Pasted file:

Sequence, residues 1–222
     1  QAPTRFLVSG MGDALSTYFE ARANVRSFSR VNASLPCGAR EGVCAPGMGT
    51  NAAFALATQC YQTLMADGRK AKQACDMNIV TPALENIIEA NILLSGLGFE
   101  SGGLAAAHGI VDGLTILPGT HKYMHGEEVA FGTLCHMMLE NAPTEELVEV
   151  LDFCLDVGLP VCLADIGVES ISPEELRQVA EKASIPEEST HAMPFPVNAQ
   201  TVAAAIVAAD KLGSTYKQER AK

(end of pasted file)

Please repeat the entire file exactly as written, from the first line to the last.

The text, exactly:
Sequence, residues 1–222
     1  QAPTRFLVSG MGDALSTYFE ARANVRSFSR VNASLPCGAR EGVCAPGMGT
    51  NAAFALATQC YQTLMADGRK AKQACDMNIV TPALENIIEA NILLSGLGFE
   101  SGGLAAAHGI VDGLTILPGT HKYMHGEEVA FGTLCHMMLE NAPTEELVEV
   151  LDFCLDVGLP VCLADIGVES ISPEELRQVA EKASIPEEST HAMPFPVNAQ
   201  TVAAAIVAAD KLGSTYKQER AK